Moratorium on Approval of New Nevada Charter Schools Imposed

A state panel has imposed a temporary freeze on the approval of new charter schools in Nevada, citing inadequate staff to monitor a growing number of such schools.

The Nevada Board of Education took the action on an 8-0 vote Friday, despite pleas by some lawmakers and a bipartisan group to hold off on any type of moratorium.

Board members said the freeze was necessary because the state
Education Department is being overwhelmed by applications to create
charter schools, which offer alternatives to traditional public schools.

The department expects a surge in applications because the Clark
County School District decided in October to end sponsorship of new
charter schools because of the time and expense involved.

Under state law, school districts have a choice whether to sponsor charter schools. The state department has no such flexibility.

Board member Cindy Reid of Henderson said the freeze will allow
time to consider how to provide adequate staff to monitor the growing number of charter schools.

Officials are unable to handle the workload from as many as 11 new charter school applications submitted for possible startup in the 2008-09 school year, she said.

"I really like charter schools," Reid said. "I think they play a valuable role in our state. But it we don't take a pause now, we will hurt the program more by not running it responsibly and efficiently."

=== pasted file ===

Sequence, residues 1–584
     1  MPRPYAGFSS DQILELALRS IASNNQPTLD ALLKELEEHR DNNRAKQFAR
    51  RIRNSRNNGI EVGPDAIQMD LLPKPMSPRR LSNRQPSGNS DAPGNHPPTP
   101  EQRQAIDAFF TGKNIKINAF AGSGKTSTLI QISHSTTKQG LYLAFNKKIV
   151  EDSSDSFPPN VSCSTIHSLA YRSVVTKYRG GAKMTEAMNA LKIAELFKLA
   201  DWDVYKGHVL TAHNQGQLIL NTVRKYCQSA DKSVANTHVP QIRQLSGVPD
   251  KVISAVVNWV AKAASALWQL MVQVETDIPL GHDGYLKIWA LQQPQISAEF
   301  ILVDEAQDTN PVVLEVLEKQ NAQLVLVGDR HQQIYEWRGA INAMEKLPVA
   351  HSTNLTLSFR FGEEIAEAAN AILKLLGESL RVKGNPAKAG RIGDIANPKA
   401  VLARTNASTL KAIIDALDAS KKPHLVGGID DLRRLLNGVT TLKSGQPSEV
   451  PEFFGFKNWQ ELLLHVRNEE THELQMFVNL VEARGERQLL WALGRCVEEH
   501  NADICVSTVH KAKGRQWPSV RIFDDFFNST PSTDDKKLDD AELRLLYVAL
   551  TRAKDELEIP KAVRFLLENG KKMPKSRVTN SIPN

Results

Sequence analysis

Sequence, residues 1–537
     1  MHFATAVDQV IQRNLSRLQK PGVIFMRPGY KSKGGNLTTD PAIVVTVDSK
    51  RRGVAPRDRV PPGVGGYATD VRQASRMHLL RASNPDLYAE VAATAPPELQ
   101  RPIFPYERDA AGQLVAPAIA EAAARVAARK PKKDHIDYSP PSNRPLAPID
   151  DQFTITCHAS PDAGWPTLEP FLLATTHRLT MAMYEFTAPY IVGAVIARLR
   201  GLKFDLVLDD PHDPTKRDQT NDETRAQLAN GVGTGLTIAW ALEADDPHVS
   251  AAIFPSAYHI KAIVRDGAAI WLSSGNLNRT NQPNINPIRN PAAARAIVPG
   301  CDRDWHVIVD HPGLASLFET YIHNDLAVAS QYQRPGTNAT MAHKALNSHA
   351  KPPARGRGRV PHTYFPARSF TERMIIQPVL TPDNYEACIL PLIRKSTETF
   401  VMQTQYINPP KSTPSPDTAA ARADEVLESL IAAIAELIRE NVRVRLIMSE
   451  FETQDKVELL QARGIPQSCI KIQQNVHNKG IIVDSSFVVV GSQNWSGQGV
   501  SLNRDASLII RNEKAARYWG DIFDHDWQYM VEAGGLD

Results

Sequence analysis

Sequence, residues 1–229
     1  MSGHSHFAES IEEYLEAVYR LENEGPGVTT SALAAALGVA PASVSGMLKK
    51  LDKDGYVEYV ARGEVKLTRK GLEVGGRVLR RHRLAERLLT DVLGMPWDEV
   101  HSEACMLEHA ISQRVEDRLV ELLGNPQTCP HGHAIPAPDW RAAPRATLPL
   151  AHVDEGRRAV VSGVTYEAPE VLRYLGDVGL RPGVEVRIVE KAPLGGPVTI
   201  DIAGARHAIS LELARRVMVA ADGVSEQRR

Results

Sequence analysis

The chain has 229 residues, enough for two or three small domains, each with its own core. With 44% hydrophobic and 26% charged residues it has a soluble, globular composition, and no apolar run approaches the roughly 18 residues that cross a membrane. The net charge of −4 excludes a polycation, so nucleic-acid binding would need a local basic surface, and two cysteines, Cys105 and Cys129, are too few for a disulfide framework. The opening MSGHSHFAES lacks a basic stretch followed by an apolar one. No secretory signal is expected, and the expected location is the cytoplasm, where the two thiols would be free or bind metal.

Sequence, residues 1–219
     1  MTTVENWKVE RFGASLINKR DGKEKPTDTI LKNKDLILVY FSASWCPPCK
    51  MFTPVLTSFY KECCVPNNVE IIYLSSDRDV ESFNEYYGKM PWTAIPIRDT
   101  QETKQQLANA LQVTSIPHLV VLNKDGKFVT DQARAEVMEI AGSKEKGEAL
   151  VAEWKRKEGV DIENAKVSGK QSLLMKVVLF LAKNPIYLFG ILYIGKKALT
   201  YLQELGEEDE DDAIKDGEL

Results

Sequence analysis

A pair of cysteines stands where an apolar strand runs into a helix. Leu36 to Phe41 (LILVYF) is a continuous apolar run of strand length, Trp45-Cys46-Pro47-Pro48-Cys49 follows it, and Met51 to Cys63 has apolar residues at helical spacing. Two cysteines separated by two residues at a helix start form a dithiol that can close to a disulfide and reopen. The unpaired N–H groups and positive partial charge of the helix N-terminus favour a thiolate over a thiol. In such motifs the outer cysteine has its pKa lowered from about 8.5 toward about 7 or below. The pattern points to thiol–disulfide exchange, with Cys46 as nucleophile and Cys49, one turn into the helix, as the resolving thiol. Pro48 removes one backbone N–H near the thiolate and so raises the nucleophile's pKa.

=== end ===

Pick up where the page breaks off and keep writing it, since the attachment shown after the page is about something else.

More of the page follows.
Reid said the freeze will be maintained only until adequate staffing becomes available.

Board President Cliff Ferry shared Reid's concerns: "We are not
against charter schools. What we do want is good charter schools."

Ferry stressed that any moratorium would not affect schools now
in line to gain approval.

A handful of speakers said the state needs more education choices and more charter schools, not more restrictions, the Las Vegas Review-Journal reported.

In separate letters to the board, state Sen. Maurice Washington,
chairman of the Human Resources and Education Committee, and
Assemblywoman Bonnie Parnell, chairwoman of the Assembly Education Committee, noted the legal requirement for the department to
process charter school applications.

A majority of the members of the Nevada State Charter School
Leadership Team, made up of lawmakers, state education officials
and charter school operators, asked the board to delay any action on a moratorium.

The group, which is considering ways to improve implementation of the state's charter school laws, is expected to come out with recommendations by January 2009.

Nevada has 23 charter schools. Five are sponsored by the state
Education Department, with two more expected to open next fall.
Others are sponsored by school districts.
Information from: Las Vegas Review-Journal,

(Copyright 2007 by The Associated Press. All Rights Reserved.)